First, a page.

For some countries, pageantry is a civilized war of beauty, intellect and charisma. The ordinary girl who possesses the raw materials of a true queen undergoes at least two to three months of rigorous training with the crème del a crème of the countries experts. The end result is a redefined human being in mind, body and spirit.
In fact, the contestants for the pageants in many countries are trained to see themselves as ambassadors of the principles of life and conduct themselves always in a manner that is befitting of a queen.
At the end of their training, contestants are reborn with the understanding that they are to continue a lifestyle that goes beyond the one year reign as Queen. This is the case with many, even those who participate in the Miss World pageant for example.
In essence—the woman who chose to compete must understand that she can never go back to the image she left behind.
With this in mind, ponder for a few moments the upcoming Miss World Guyana Pageant and how our beauties are usually prepared for this “civilized war” as opposed to their counterparts abroad.
This year, several young women will be vying for the title of Miss World Guyana. The selections thus far prove to be a knock-out combination of elegance, class, sassiness and charm. Most know by now that only the best , will be selected to represent Guyana at the International level.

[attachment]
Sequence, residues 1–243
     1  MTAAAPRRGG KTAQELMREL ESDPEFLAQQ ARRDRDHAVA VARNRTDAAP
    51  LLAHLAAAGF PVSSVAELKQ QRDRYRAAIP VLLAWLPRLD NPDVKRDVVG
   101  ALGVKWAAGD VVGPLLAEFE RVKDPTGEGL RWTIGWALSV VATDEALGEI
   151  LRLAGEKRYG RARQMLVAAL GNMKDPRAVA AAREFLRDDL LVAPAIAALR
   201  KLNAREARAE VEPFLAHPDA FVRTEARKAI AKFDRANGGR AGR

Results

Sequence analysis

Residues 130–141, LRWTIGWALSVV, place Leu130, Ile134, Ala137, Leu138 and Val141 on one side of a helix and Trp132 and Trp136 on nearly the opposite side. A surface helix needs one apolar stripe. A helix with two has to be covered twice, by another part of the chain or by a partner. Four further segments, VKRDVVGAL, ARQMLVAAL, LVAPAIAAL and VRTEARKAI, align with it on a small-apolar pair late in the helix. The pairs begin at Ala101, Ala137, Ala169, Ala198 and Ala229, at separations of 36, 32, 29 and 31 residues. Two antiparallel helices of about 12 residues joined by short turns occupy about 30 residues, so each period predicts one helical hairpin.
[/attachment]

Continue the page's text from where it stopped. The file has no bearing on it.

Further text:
But the truth is most of our winners for several years only get as far as saying –“Name, age, Miss Guyana.” And that’s the end of it.
But it must be asked, do we (specifically , the pageant organizers) really prepare our women to the best of our ability? In fact, do we take pageants seriously? I am coming to that.
Permit me to highlight India. When contestants are chosen for pageants they are housed in a training camp for approximately one month where meticulous training is done. During this period, the young ladies are refined in several areas. These include fashion and styling, Heath and Fitness, modeling, spirituality, conduct and seminars on how to exude the presence of a queen.
Each category is headed by an expert who is designated to training the women and transforming them into queens. Even a dermatologist is hired to ensure that skin care is paid attention to. A hair specialist, dental surgeon, a diction coach, grooming expert and a makeup artist are also attached to the transformation boot camp.
The training in essence is done to transform the women’s understanding of womanhood and life. This process of course is not just about aiming for physical perfection, as delegates undergo several training seminars on the “do’s and don’t’s of proper conduct. This is a very important aspect of the programme as contestants, if chosen to be the queen, will have to interact with diplomats, ministers and even heads of states. They are even trained on how to speak on controversial topics.